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**ECE454/CS594 Computer and Network Security**

Dr. Jinyuan (Stella) Sun Dept. of Electrical Engineering and Computer Science University of Tennessee Fall 2011

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**Secret Key Cryptography**

Modes of operation Stream cipher

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**Encrypting A Large Message**

How to encrypt a message > 64 bits? Electronic Code Book (ECB) Cipher Block Chaining (CBC) Output Feedback Mode (OFB) Cipher Feedback Mode (CFB) Counter Mode (CTR)

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**ECB Mode Message is broken into 64-bit blocks**

ECB Encryption ECB Decryption Message is broken into 64-bit blocks Each block is independently encoded with the same secret key

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Pros and Cons of ECB Suitable for use in secure transmission of single values (e.g. an encryption key) Error in one received ciphertext block does not affect the correct decryption of other ciphertext blocks Identical plaintext blocks produce identical ciphertext blocks resulting in recognizable pattern Ciphertext blocks can be easily rearranged or modified

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**ECB Rearranging and Modification Attacks**

10,000’s digit of salary easily modified 10,000’s digit blocks easily swapped

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CBC Mode CBC Encryption CBC Decryption Selects a random number: IV (initialization vector) that is XORed with the first plaintext block. Why? Then generates its own random numbers: the ciphertext from the previous block, XORed with the next plaintext block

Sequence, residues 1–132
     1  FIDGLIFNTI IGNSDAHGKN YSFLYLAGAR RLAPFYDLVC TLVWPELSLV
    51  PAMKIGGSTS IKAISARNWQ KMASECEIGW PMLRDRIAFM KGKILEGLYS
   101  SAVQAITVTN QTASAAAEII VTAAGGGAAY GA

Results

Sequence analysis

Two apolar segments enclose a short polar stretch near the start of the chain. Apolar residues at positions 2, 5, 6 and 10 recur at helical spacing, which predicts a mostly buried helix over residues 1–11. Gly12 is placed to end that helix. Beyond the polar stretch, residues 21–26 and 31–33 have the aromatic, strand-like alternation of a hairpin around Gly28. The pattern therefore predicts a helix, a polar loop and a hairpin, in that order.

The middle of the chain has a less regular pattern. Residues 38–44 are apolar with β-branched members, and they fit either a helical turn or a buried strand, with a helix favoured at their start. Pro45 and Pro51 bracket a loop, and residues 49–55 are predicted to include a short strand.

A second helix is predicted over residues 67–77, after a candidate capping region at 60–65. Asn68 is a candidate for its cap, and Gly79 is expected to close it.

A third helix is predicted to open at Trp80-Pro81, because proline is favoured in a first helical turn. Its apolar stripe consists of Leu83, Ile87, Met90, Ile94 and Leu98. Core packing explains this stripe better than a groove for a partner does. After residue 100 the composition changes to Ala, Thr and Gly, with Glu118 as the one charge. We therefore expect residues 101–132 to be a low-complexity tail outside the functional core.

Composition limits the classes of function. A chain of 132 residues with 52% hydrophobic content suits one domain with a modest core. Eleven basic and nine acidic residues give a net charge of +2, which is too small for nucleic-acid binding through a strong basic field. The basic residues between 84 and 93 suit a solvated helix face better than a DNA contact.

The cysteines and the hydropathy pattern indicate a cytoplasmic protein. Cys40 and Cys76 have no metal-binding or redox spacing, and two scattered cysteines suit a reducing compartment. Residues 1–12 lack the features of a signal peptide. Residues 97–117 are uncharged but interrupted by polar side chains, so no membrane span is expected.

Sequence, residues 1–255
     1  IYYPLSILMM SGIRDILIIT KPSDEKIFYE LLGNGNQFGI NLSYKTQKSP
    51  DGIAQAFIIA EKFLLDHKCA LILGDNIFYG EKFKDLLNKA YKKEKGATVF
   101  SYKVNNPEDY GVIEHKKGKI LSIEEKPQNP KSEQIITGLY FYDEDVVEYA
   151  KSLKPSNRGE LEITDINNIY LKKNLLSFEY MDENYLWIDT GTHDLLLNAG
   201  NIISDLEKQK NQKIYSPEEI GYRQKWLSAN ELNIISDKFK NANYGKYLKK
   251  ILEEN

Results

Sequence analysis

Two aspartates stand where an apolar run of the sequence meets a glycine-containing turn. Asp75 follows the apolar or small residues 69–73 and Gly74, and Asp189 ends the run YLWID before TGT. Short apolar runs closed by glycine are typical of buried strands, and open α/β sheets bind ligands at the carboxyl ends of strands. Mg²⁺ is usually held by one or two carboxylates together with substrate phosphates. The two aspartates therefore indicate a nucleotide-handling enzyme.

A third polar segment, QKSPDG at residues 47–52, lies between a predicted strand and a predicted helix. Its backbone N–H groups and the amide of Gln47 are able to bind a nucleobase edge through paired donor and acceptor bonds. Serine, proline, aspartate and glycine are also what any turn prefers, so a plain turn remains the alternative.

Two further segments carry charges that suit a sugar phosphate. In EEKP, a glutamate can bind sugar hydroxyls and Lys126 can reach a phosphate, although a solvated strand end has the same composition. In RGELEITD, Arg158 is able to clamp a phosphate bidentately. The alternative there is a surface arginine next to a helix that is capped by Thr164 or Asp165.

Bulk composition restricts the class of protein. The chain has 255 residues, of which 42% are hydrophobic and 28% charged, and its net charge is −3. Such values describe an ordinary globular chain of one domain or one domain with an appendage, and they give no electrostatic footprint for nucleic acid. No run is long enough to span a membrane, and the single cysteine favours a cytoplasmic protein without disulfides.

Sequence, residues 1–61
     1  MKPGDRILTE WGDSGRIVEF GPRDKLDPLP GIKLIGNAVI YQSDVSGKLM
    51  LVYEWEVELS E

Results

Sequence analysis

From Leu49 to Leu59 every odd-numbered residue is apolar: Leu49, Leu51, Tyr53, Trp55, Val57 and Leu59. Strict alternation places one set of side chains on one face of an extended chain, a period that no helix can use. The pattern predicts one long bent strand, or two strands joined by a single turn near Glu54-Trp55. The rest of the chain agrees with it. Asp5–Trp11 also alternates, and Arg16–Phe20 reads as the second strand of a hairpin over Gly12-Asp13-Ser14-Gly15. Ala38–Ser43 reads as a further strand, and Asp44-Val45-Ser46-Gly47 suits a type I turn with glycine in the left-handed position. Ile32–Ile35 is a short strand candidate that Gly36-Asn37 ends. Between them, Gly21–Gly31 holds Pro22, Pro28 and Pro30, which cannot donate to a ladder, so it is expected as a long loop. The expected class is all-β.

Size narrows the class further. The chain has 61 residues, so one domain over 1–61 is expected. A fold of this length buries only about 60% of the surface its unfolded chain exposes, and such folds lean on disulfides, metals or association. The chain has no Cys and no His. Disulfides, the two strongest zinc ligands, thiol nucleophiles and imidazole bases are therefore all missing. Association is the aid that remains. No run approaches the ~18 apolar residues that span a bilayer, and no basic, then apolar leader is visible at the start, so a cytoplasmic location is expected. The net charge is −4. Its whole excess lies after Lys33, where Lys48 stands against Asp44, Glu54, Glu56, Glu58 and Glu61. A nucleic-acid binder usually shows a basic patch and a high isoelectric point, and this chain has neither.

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Pros and Cons of CBC Suitable for use in general-purpose block-oriented transmission, and authentication The same block repeating in the plaintext will not cause repeats in the ciphertext Subject to modification attack: (but error propagates) Subject to ciphertext block rearranging attack IV: needs to be shared between sender and receiver, either a fixed value or sent encrypted (How to encrypt?)

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**CBC Modification Attack**

Original message Decrypted message after modification Solution?

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**CBC Rearranging Attack**

If the ciphertext blocks are rearranged as: C1, C5, C3, C2, C4, C6 The resulting plaintext blocks can be deduced…

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**AES Example: ECB vs. CBC AES in ECB mode AES in CBC mode**

Similar plaintext blocks produce similar ciphertext blocks (not good!)

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**Output Feedback Mode (OFB)**